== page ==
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I'm running a MySQL server, and want to keep it up to date with regular apt-upgrades. I don't want this to cause MySQL to upgrade unless I'm doing it during scheduled downtime! How do I alter my apt-preferences so that this won't happen?

I've tried adding this to a file as /etc/apt/preferences.d/pin-mysql

Package: mysql-client-5.1
Pin: version 5.1.41-3ubuntu12.7
Pin-Priority: 1001

Package: mysql-client-core-5.1
Pin: version 5.1.41-3ubuntu12.7
Pin-Priority: 1001

Package: mysql-common
Pin: version 5.1.41-3ubuntu12.7
Pin-Priority: 1001

Package: mysql-server
Pin: version 5.1.41-3ubuntu12.7
Pin-Priority: 1001

Package: mysql-server-5.1
Pin: version 5.1.41-3ubuntu12.7
Pin-Priority: 1001

Package: mysql-server-core-5.1
Pin: version 5.1.41-3ubuntu12.7
Pin-Priority: 1001

That then states the packages are pinned with "apt-cache policy" outputting:

... all package sources here
 500 http://security.ubuntu.com/ubuntu/ lucid-security/universe Packages
     release v=10.04,o=Ubuntu,a=lucid-security,n=lucid,l=Ubuntu,c=universe
     origin security.ubuntu.com
 500 http://security.ubuntu.com/ubuntu/ lucid-security/restricted Packages
     release v=10.04,o=Ubuntu,a=lucid-security,n=lucid,l=Ubuntu,c=restricted
     origin security.ubuntu.com
... etc
Pinned packages:
     mysql-server -> 5.1.41-3ubuntu12.7
     mysql-server-core-5.1 -> 5.1.41-3ubuntu12.7
     mysql-client-core-5.1 -> 5.1.41-3ubuntu12.7
     mysql-common -> 5.1.41-3ubuntu12.7
     mysql-server-5.1 -> 5.1.41-3ubuntu12.7
     mysql-client-5.1 -> 5.1.41-3ubuntu12.7

However... running aptitude safe-upgrade just updated MySQL... what am I doing wrong?

share|improve this question
    
So, why are you running automatic updates at all? shouldn't you schedule your updates with either cron or do them manually? –  Martin Owens -doctormo- Jan 27 '11 at 21:25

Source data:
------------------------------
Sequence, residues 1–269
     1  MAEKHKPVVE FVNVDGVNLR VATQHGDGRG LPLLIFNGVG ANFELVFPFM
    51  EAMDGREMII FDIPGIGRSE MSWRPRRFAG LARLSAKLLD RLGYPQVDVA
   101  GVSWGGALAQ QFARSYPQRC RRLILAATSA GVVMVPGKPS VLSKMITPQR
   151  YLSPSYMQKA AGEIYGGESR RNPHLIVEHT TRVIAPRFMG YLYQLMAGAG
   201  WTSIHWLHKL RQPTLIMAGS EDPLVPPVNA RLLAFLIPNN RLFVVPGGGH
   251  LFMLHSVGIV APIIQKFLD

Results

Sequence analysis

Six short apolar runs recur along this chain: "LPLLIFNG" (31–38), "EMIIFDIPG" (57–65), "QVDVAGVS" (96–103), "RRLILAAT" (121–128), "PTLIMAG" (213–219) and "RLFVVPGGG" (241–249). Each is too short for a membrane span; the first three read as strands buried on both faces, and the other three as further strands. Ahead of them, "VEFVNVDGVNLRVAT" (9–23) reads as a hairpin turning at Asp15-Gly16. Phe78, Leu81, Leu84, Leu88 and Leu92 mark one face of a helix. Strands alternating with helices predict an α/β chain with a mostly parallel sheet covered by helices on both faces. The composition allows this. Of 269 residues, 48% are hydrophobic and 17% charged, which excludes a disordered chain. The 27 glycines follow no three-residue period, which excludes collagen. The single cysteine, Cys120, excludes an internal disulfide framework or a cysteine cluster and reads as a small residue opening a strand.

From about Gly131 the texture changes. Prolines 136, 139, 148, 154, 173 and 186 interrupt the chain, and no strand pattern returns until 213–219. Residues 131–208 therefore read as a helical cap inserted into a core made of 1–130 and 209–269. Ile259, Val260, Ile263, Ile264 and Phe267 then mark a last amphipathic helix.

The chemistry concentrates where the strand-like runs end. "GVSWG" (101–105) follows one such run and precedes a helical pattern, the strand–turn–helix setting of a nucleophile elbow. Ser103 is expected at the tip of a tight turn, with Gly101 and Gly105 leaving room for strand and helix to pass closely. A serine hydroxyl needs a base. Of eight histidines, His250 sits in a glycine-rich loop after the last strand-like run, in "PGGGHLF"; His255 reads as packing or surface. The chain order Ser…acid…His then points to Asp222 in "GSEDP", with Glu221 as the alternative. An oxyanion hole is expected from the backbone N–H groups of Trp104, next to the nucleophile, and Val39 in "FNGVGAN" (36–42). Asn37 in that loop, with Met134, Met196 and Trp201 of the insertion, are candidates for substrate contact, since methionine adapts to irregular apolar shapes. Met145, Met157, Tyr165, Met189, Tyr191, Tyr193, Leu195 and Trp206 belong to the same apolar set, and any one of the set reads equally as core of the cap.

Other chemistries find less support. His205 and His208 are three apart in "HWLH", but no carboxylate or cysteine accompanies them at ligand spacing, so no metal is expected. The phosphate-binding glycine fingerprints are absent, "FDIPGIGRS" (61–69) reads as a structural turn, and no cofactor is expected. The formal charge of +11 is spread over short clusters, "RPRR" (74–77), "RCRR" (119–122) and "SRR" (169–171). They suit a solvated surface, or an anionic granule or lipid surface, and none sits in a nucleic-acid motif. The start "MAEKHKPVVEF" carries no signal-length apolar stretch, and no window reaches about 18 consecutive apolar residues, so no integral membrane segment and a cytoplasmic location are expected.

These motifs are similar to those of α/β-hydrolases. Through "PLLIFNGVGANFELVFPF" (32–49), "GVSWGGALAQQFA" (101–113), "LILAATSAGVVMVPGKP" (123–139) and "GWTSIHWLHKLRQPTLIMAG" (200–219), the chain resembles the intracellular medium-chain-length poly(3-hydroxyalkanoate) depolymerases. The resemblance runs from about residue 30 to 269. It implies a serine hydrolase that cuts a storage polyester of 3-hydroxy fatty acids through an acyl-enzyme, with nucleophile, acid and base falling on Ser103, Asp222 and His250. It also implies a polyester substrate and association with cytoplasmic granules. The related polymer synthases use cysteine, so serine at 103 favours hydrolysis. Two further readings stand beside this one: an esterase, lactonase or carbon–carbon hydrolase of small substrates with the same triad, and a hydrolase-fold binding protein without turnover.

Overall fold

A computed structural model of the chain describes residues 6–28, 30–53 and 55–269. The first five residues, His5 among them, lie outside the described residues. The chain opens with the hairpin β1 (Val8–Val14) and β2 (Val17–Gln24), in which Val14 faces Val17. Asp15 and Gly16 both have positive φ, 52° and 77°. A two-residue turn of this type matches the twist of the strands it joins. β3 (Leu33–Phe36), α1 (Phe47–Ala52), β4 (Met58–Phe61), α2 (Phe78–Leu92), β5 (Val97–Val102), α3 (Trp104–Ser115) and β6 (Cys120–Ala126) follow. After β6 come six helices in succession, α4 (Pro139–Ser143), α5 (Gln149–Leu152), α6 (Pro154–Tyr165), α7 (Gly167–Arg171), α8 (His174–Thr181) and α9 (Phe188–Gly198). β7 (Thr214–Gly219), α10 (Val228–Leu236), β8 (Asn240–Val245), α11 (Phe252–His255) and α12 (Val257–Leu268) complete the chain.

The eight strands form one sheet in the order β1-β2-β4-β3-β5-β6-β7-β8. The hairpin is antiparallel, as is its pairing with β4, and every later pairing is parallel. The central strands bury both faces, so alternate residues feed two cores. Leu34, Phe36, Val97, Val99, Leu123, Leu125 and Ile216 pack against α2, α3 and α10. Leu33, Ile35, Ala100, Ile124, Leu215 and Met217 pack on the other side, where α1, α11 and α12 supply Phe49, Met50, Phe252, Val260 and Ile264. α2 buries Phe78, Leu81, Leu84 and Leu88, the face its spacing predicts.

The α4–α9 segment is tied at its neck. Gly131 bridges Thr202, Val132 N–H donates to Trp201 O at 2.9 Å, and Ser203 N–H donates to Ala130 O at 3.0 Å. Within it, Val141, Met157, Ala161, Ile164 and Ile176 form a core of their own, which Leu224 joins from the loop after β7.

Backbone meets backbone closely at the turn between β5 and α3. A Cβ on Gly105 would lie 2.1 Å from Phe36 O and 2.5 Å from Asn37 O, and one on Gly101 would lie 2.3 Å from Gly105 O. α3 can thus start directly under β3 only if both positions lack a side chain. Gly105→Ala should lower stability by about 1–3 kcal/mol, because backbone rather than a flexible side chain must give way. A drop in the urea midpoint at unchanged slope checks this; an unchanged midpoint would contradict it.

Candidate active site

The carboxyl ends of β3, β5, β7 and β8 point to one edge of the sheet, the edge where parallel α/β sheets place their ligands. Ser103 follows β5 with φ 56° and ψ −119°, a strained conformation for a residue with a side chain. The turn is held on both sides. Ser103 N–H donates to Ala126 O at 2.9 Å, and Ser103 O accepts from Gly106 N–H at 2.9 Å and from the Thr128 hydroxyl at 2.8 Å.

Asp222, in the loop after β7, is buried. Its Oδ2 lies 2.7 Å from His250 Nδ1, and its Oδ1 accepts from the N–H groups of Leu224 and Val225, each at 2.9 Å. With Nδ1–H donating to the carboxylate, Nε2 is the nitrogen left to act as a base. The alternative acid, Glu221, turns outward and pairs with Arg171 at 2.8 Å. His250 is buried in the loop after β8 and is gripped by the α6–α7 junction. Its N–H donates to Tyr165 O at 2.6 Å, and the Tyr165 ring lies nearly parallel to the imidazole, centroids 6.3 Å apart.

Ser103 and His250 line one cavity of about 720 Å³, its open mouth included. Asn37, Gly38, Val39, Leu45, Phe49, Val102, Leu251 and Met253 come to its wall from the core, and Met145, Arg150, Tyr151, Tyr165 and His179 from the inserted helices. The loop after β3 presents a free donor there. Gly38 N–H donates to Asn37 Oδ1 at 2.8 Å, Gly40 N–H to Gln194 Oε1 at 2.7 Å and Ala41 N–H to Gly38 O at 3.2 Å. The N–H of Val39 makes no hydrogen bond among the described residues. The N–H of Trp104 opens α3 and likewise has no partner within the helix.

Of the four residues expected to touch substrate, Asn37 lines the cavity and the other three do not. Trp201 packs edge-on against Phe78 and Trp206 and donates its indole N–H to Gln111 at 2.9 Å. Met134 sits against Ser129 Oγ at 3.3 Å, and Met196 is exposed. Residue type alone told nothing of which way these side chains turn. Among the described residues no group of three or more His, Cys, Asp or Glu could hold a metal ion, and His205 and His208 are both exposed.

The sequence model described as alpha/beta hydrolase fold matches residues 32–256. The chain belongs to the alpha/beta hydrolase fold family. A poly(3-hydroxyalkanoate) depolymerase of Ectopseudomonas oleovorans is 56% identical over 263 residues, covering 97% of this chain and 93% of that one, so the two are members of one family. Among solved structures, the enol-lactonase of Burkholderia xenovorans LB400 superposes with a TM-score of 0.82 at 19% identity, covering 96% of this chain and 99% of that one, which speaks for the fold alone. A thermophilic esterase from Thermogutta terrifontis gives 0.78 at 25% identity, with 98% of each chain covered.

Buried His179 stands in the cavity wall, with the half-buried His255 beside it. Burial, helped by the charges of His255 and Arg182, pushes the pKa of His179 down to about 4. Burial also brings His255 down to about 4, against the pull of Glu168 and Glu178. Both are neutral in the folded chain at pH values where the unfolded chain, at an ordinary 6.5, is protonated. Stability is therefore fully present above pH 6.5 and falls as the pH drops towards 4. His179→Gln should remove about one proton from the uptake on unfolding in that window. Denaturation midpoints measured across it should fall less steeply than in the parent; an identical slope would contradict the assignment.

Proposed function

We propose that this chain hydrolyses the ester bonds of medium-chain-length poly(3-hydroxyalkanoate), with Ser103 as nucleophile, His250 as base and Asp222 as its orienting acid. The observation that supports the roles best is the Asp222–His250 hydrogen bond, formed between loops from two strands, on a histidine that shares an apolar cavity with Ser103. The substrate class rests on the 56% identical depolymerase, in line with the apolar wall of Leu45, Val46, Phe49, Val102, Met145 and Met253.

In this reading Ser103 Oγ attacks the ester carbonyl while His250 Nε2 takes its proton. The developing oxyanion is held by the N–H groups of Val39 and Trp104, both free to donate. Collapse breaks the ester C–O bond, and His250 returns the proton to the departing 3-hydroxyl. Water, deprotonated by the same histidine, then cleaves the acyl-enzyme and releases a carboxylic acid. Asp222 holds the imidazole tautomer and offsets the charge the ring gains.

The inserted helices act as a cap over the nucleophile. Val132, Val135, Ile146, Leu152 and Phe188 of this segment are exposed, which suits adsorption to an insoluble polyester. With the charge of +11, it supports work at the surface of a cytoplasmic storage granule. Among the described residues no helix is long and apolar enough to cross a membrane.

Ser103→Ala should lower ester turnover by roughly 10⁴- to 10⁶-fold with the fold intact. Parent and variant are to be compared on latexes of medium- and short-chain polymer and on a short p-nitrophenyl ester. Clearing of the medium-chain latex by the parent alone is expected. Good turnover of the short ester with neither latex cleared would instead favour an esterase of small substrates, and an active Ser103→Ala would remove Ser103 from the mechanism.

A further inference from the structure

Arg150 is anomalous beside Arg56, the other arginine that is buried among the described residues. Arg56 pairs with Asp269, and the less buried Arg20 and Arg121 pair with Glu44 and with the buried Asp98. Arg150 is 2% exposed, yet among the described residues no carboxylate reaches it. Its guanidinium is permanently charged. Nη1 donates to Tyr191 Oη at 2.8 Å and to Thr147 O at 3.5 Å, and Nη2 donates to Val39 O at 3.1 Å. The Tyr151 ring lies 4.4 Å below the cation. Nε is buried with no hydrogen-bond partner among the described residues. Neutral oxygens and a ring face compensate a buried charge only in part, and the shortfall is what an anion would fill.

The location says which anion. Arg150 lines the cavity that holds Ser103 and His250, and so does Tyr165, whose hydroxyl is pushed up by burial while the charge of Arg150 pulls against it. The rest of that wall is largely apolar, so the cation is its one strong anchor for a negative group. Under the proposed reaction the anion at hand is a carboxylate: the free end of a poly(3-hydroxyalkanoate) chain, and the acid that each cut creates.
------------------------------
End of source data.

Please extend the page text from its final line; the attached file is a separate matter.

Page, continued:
I didn't say I was running automatic updates. I said regular updates. I want to separate out run of the mill updates from ones that really need scheduled downtime. –  asparagino Feb 1 '11 at 21:26

2 Answers 2

If you want to prevent the upgrade of a package, then pinning is not the way to go. What you need is called holding, and you can find out how to do it on this page in the Ubuntu online help

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Holding does appear to be the way to go, though I'm not quite sure on the difference between dpkg and aptitude holds.

At any rate - the following script is doing what I want and excluding a list of packages from an aptitude safe-upgrade.

#!/bin/bash

# Stop the mysql packages from upgrading!
# Must run as root! Check presence of the packages-hold.log file to avoid running repeatedly.

PACKAGES="mysql-client-5.1 mysql-client-core-5.1 mysql-common mysql-server mysql-server-5.1 mysql-server-core-5.1 linux-image-server linux-image-2.6.32-28-server"

for PACKAGE in $PACKAGES;
do
    /bin/echo $PACKAGE hold | /usr/bin/dpkg --set-selections
done
/usr/bin/aptitude hold $PACKAGES
echo $PACKAGES > /var/log/packages-hold.log

Without doing the aptitude hold line, aptitude would still try to update packages marked with the dpkg --set-selections command and I think the opposite also applies.

FYI - this also blocks the kernel image from updating all the time. I'm only interested in that update if it's for high priority security reasons as it always comes with a reboot attached.

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